Land Rights In Aboriginal History

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Throughout history, Aboriginal people have been disregarded and thrown away of any equality, over this time their rights and justice have been becoming less distant. The Aboriginal struggle for land rights, has a very long history. This essay will be discussing what led to the confusion of land rights in aboriginal history, the impact it had on the original owners of the land, the outcomes that were presented and lastly, why I believe that land rights are specifically a landmark event of the aboriginals struggle in Australian history providing examples throughout the essay. When the First Fleet landed in 1788 the British took over the land without a second thought as to its ownership. They discarded the fact that there were already original…show more content…
Legally, this meant in English law that Indigenous Australians did not exist, thus their right to the land in Australia was also non-existent. “The removal of land from the Aboriginal peoples started in 1788 and continued through the frontier war, and the setting up of the reserves a hundred years later” (Wiliam, 2014, para 3). When the Indigenous Australians were given reserve lands, they were told it would be theirs to keep. However, by the 1960s the Commonwealth government had reclaimed most of the land for housing and commercial projects. The aboriginal people frequently protested over how the reserve land was managed and how it was being taken away from them. In the 1960s there was a country wide protest that had erupted due to the movement of land rights. The aboriginal people not only wanted to preserve the land they already had but they wanted to be recognised as being the legal owners of the traditional lands. Therefore, no one, not even the government could take that away from them in…show more content…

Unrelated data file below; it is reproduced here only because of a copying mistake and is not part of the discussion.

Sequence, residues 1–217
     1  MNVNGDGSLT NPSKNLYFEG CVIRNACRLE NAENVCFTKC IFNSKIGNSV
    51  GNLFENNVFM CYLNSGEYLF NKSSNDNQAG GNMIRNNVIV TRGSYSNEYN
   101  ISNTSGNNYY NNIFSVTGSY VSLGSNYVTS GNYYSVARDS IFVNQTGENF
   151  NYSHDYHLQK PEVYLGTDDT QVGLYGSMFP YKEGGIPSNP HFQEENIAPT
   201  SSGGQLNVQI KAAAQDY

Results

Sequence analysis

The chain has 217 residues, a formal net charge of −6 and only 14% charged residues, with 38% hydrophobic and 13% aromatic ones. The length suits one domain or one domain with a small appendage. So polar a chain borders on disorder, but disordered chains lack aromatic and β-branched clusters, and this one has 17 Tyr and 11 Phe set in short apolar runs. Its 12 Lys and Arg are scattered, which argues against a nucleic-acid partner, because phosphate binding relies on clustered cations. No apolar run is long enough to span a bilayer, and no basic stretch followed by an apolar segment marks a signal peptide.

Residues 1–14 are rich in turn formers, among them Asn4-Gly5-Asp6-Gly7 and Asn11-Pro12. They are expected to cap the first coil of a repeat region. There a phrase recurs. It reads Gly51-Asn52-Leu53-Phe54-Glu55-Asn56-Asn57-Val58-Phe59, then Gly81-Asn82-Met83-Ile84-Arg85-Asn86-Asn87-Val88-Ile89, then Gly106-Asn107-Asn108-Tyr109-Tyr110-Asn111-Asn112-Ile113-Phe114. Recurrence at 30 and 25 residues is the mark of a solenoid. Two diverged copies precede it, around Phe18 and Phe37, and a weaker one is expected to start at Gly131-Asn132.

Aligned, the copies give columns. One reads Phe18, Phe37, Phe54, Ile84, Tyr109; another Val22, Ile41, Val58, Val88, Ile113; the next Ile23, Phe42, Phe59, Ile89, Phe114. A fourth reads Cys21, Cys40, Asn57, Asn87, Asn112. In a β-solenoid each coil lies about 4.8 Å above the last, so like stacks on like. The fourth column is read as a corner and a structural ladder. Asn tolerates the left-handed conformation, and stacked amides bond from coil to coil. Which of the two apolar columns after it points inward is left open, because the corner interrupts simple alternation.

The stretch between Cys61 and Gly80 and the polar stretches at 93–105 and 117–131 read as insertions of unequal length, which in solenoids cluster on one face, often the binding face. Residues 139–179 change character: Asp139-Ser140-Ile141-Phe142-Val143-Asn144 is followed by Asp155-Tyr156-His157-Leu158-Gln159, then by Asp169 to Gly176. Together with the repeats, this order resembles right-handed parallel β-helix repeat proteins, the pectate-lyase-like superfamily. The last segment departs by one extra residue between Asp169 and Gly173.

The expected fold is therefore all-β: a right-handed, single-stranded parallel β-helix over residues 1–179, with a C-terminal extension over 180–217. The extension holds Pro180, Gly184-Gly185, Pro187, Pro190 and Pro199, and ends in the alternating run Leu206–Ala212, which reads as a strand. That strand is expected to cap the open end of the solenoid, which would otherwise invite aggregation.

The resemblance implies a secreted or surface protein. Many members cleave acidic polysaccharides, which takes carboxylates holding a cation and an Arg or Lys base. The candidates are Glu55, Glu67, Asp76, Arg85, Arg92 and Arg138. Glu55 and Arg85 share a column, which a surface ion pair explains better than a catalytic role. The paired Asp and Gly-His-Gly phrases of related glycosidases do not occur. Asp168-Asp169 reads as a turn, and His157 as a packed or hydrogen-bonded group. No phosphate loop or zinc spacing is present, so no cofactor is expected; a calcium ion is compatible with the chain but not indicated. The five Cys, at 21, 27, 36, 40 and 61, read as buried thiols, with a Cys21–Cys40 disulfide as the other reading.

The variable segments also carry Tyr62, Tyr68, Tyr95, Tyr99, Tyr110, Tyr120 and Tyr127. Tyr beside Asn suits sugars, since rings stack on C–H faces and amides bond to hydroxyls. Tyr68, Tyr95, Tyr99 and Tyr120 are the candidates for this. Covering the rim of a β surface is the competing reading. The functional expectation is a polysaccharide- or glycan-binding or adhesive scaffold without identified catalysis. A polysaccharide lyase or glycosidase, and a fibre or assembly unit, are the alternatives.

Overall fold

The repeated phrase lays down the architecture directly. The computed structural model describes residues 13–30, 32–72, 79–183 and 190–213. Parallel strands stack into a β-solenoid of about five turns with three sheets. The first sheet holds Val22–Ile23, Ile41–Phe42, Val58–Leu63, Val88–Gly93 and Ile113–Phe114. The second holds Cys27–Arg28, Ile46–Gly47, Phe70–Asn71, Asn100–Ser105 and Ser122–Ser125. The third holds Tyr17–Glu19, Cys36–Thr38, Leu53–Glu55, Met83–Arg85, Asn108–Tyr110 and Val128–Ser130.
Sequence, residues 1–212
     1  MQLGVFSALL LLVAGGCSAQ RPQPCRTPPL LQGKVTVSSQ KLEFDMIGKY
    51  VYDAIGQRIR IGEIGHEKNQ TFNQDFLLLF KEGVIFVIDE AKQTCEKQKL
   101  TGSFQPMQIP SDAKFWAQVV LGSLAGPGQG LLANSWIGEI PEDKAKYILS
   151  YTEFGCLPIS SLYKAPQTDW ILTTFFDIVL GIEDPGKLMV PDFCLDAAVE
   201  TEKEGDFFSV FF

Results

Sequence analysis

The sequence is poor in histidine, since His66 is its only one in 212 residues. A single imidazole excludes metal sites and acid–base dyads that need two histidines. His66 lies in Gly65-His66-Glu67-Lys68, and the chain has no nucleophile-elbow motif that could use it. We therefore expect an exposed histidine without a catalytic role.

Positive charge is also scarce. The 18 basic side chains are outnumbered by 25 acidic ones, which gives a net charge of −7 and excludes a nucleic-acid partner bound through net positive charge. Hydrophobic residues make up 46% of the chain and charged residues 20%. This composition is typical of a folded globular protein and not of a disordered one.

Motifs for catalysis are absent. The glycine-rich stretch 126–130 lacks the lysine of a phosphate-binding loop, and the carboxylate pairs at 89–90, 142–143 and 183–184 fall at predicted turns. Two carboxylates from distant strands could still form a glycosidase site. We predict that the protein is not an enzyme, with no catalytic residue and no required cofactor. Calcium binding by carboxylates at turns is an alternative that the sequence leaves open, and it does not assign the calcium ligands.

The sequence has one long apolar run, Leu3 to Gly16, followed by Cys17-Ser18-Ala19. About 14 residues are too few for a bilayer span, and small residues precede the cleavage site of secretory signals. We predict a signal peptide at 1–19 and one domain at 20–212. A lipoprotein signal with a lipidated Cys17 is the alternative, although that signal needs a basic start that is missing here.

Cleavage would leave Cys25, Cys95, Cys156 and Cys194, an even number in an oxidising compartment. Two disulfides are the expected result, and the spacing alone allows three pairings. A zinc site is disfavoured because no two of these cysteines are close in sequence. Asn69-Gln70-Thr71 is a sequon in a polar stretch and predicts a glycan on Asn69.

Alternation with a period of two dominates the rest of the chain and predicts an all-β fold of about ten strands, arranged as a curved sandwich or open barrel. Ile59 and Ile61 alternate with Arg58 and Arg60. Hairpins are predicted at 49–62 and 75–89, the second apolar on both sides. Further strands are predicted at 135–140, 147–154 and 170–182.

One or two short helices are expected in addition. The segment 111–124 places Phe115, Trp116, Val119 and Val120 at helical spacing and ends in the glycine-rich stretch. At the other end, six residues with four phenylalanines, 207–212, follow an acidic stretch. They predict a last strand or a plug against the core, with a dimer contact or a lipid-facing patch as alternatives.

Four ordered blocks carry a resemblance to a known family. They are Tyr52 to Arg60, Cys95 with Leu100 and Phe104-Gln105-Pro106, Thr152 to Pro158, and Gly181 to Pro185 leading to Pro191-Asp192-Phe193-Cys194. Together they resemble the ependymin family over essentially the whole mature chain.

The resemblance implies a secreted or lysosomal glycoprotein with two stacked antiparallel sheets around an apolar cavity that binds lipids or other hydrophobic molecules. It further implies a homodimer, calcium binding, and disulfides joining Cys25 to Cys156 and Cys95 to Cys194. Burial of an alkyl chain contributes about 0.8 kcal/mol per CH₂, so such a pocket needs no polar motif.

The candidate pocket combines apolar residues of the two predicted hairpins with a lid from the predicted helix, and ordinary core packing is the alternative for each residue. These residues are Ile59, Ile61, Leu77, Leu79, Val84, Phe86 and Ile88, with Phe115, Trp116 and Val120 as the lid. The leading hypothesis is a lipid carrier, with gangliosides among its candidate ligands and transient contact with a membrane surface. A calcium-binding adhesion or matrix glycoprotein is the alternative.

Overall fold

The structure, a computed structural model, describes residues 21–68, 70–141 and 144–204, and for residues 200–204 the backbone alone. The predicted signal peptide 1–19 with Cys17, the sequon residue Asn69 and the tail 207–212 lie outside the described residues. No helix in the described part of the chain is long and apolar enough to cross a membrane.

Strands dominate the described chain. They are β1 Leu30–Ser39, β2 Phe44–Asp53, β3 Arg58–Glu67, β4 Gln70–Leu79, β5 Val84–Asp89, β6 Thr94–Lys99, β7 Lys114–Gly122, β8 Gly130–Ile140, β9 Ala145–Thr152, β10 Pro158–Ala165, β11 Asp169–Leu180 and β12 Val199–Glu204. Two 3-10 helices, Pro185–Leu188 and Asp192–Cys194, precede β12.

In the 1983 federal election, the Hawke government had guaranteed legislation to ensure “land rights are achieved for Aboriginal and Torres Strait Islander people throughout Australia and their cultural sites and objects are fully protected” (Johnstone, 2014 para 3). On October 27th, 1885 a choice was made by the Hawke Labour Government to return Uluru, formerly known as Ayers Rock and Kata Tjuta, previously known as Olgas, back to the traditional owners, the Anangu people. This was an event which marked an important time for Aboriginal land rights. Therefore, in recognition of the original owners the two symbolic land marks were formed into a national park. The Uluru-Kata Tjuta National Park became one of the first parks in the world to be handled by a board with a majority of traditional owners. “The park is listed twice as a World Heritage area: for its environment in 1987 and for the global significance of the Anangu living culture in 1994” (Korff, 2014 para

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